We’ve been looking for help to fight cancer for decades. Recent research shows that the answer may come from other dangerous diseases.
Researchers from Cardiff University say they have retrained viruses to directly target, invade and help destroy cancerous cells. This success could someday potentially provide successful treatment for real-world cases.
The study’s main idea expands off of current gene therapy techniques. They use viruses to treat various diseases after altering them so that they cannot pass on any disease.
The announcement in May 2018 proves to be a significant breakthrough. Cardiff University’s School of Medicine team attempted similar treatment in the past. They could train viruses to attack, but could not get them to distinguish the difference between healthy cells and cancer cells.
Thanks to the protein alpha-v-beta-6 (αvβ6) integrin, the viruses have something specific to target that is only present in the matter that needs to be dealt with.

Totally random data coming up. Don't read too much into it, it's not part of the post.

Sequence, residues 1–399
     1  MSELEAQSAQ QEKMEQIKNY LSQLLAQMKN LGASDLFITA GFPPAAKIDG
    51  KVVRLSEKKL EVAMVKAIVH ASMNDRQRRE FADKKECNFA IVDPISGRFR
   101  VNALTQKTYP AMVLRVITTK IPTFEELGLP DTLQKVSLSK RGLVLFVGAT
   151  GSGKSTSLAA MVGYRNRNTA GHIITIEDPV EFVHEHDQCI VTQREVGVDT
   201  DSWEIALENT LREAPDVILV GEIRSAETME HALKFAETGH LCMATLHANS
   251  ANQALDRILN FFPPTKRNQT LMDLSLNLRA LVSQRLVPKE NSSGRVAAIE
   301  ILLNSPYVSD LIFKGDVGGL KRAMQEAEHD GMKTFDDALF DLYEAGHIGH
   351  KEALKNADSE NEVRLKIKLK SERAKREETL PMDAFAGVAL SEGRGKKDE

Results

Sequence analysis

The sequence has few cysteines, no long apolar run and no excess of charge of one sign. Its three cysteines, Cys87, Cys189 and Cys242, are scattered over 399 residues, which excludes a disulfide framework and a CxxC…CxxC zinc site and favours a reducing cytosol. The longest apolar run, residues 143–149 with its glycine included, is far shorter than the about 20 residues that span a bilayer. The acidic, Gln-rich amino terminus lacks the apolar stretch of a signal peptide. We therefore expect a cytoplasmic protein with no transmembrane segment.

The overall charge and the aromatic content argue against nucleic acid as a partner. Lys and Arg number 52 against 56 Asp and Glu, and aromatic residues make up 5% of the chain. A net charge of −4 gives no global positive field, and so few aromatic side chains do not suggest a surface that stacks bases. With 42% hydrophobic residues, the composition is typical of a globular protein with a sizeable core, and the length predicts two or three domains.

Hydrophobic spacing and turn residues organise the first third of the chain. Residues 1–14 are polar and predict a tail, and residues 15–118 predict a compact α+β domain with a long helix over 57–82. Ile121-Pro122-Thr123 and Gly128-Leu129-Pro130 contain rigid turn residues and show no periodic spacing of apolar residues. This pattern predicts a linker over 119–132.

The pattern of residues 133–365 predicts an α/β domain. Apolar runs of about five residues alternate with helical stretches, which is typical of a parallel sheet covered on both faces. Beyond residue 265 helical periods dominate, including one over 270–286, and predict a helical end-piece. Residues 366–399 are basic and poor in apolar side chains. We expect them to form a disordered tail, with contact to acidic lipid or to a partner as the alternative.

Because of this protein, the virus does not harm good cells and only destroys cancer cells.
Interestingly, the tests have also shown the added benefit of causing an effective immune response that helps the body deal with cancer. In the future, antibodies could even be produced with further development in the virus study.
So far, scientists have been able to use this approach with ovarian cancer. They will soon train it to work for types including breast, lung, oral and pancreatic. They believe that, with tweaking, it will likely be applicable for other groups based on their unique proteins.
The viruses used in the experiments are adenoviruses, which are respiratory. According to Medical Xpress, these are well-suited to manipulation and have already been used safely in cancer treatment.
A virus is designed to hijack cells and break them after using them to make countless copies of itself. This makes the new tool theoretically ideal for clearing out cancerous cells.
Dr. Catherine Pickworth of Cancer Research UK highlighted that, “Viruses are nature’s nanotechnology and harnessing their ability to hijack cells is an area of growing interest in cancer research. The next step will be more research to see if this could be a safe and effective strategy to use in people.”
While these studies were done with mice models, the goal is to have the technique for use in clinical trials within the next five years.
Written for Passport Health by Katherine Meikle. Katherine is a freelance writer and proud first-generation British-American living in Florida, where she was born and raised. She has a passion for travel and a love of writing, which go hand-in-hand.